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Cycle superhighways see more bikers take to the streets, Mayor of London says

PUBLISHED: 14:26 11 January 2011 | UPDATED: 14:46 11 January 2011

The Cycle Superhighway has become a feature of some Docklands streets.

The Cycle Superhighway has become a feature of some Docklands streets.

2010 Getty Images

THE number of cyclists along the Mayor of London’s first two Barclays Cycle Superhighway routes, has risen by 70 percent, with increases of 100 per cent or more seen on some sections during peak hours, Transport for London says.

TfL compared figures for cyclists using the two pilot Barclays Cycle Superhighways, one of which runs through the East End from Barking to Tower Hill, during October 2010 and compared them to the same roads in 2009.

They found a 50 per cent increase in the total number of cyclists using the A24 route from Merton to the City and on the A13 route through the East End cyclist numbers more than doubled for the same period.

When looking at the total number of cyclists using both routes in October 2009 compared with October 2010, the number rose by 70 per cent.

Boris Johnson’s transport adviser, Kulveer Ranger said: “It is great to see that the first two Barclays Cycle Superhighways are well on the way to achieving our goal to increase cycling in the Capital.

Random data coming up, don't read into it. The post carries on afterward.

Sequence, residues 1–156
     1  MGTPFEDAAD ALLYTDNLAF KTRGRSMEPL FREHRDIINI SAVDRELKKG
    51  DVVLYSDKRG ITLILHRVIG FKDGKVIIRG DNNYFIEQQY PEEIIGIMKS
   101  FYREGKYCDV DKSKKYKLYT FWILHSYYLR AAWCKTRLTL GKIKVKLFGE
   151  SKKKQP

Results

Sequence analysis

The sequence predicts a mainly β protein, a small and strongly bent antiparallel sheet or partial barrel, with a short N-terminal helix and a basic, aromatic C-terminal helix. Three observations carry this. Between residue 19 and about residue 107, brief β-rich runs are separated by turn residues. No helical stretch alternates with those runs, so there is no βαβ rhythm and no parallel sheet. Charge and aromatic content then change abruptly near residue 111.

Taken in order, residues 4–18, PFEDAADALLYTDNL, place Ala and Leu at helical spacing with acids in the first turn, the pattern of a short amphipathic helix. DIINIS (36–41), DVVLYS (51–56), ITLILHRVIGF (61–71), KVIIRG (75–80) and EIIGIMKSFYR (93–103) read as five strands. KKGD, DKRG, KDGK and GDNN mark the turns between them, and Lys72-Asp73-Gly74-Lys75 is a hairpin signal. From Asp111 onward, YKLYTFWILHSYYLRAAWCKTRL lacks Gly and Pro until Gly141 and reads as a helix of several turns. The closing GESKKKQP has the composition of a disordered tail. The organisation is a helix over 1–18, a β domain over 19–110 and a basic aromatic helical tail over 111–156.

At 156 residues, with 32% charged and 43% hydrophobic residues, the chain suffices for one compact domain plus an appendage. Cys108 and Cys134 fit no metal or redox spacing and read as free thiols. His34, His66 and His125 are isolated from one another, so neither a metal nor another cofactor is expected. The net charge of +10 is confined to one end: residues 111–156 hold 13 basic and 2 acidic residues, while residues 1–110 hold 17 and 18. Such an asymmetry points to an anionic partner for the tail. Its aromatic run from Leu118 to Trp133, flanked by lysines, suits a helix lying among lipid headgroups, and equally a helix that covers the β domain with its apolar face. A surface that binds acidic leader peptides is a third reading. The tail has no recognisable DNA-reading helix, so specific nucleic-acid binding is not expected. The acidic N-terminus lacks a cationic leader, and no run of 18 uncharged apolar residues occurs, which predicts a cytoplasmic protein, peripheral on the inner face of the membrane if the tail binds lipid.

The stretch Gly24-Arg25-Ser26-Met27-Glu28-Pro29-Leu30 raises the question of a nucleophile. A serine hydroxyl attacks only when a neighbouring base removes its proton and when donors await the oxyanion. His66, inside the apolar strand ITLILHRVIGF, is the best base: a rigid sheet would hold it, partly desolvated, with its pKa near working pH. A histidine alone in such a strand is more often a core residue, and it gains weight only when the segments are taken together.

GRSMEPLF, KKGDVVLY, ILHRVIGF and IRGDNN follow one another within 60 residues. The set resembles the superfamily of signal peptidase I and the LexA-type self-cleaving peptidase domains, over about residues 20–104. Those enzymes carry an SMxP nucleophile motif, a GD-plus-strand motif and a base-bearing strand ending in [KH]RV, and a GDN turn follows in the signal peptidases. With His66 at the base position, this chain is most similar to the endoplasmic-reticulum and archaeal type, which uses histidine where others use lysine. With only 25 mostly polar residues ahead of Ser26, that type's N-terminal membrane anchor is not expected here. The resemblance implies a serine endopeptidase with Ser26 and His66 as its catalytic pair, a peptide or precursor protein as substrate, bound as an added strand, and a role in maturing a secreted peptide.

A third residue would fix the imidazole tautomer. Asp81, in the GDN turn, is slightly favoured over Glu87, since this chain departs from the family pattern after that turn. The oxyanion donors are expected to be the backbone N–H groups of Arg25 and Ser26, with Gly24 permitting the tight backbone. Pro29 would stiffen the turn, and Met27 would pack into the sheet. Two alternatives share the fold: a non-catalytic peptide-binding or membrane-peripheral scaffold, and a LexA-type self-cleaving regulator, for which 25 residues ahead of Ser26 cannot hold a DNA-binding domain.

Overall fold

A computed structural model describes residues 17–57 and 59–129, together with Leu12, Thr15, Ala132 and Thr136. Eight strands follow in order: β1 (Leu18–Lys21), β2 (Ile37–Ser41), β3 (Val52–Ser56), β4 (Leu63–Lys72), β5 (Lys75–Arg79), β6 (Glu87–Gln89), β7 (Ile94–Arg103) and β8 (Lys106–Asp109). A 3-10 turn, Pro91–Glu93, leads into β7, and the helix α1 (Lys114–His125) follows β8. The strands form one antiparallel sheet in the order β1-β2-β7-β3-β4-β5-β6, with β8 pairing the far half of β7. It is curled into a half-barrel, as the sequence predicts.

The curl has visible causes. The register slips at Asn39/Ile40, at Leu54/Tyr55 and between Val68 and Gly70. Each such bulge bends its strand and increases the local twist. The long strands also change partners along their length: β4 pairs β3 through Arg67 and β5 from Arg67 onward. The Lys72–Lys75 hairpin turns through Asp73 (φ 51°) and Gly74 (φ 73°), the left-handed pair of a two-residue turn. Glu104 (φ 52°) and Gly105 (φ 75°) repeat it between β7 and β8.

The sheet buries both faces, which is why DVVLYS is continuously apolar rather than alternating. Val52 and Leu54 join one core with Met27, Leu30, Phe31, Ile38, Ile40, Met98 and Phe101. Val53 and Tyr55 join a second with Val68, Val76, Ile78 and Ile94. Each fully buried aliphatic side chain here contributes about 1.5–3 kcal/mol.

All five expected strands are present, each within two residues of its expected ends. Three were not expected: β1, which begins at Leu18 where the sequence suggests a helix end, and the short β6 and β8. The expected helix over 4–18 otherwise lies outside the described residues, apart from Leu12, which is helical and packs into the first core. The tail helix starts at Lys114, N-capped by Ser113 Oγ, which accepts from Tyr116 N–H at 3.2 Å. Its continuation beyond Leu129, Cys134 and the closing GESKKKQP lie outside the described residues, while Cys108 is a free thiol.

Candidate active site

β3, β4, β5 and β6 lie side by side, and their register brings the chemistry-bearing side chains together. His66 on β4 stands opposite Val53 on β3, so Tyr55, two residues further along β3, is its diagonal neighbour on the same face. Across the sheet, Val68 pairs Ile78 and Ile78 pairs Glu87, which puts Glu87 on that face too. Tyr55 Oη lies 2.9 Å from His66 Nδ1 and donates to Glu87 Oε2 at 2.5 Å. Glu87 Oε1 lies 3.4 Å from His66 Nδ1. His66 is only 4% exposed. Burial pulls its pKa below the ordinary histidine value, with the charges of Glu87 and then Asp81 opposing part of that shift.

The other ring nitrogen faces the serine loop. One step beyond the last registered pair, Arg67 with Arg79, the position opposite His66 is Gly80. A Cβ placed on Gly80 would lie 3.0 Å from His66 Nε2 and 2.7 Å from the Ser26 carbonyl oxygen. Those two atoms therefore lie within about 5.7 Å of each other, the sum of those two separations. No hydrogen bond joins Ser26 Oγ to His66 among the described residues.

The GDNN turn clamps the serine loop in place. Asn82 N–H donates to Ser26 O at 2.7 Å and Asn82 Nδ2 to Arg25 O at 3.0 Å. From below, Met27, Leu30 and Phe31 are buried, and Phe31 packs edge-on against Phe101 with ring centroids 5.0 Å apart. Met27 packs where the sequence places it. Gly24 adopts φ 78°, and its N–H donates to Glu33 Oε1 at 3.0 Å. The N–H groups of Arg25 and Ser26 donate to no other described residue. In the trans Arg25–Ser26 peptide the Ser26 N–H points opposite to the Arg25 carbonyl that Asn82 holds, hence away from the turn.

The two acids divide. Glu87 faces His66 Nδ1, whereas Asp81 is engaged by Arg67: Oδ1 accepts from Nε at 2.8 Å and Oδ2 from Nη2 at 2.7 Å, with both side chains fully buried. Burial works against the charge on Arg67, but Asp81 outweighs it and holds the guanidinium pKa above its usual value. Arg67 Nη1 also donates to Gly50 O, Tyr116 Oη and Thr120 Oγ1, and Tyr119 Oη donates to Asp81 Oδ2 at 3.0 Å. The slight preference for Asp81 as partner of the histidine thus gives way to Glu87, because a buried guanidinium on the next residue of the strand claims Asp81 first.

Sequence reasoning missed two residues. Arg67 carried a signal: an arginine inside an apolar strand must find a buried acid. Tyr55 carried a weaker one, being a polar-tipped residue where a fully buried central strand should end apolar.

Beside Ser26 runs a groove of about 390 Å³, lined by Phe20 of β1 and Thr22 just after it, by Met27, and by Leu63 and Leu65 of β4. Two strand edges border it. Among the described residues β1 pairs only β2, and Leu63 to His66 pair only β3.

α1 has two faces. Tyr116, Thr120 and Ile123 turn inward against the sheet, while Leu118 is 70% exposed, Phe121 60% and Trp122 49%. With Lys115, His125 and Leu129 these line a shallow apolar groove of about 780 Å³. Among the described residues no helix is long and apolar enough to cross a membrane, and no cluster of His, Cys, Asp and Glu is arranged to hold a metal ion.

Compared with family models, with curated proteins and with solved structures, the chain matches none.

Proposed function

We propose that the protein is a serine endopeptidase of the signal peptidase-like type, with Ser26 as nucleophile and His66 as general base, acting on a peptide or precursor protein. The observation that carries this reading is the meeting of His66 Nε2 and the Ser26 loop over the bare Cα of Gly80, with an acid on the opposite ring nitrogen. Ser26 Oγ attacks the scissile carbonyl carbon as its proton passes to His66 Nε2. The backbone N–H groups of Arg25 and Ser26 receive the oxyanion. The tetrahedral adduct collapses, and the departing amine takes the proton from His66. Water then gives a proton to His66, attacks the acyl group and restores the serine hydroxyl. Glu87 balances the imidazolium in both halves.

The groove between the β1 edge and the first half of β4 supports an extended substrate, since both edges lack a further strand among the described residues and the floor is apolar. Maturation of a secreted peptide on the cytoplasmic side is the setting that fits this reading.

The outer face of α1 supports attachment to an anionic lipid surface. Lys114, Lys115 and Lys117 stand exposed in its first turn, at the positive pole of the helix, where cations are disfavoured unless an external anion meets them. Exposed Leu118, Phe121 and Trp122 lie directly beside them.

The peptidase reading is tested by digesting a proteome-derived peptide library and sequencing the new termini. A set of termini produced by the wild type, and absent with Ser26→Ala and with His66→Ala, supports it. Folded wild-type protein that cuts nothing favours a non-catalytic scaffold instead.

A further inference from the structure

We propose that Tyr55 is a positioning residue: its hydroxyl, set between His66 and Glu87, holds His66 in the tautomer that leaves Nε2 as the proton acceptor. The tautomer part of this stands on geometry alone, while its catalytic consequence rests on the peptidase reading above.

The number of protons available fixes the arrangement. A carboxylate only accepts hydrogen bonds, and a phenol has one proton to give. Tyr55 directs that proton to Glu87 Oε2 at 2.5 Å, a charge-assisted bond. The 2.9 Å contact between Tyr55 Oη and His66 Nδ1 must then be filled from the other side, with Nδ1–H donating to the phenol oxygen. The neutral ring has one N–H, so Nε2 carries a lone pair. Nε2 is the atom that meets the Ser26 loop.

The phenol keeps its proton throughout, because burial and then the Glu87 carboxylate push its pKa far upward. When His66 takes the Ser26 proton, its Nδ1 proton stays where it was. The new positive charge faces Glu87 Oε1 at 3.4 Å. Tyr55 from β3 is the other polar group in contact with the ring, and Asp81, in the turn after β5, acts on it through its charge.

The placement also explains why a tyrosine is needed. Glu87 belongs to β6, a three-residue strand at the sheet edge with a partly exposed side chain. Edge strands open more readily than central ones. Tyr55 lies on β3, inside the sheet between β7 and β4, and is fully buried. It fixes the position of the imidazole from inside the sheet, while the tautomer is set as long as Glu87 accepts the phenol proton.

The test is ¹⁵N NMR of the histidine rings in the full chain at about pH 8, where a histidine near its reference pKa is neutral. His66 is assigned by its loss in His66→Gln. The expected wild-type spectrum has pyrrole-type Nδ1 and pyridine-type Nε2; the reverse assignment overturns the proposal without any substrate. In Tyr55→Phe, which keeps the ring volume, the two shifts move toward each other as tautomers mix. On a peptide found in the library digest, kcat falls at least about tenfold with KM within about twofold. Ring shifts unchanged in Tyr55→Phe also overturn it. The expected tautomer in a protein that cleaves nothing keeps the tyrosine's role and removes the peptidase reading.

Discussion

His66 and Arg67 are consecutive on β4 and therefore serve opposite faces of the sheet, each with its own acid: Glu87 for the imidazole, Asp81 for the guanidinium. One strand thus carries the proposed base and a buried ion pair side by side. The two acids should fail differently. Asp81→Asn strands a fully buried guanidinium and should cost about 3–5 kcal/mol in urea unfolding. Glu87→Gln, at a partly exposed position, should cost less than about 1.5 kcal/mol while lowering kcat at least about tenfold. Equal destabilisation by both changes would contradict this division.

“This research shows that people do believe the routes are of value, make them feel safer and are allowing them to take direct and continuous routes into central London.”

But last month the Superhighways drew criticism from the London Assembly’s Transport Committee which said that more than half of 1,300 respondents to a survey said the routes did not make them feel safer.

The routes, one of Mr Johnson’s flagship policies, controversially go through historic areas of the East End such as Narrow Street, drawing complaints for their garish appearance and a lack of consultation with residents.

TfL has installed 39 new safety mirrors at junctions along the pilot routes to help improve visibility for cyclists and other road users.


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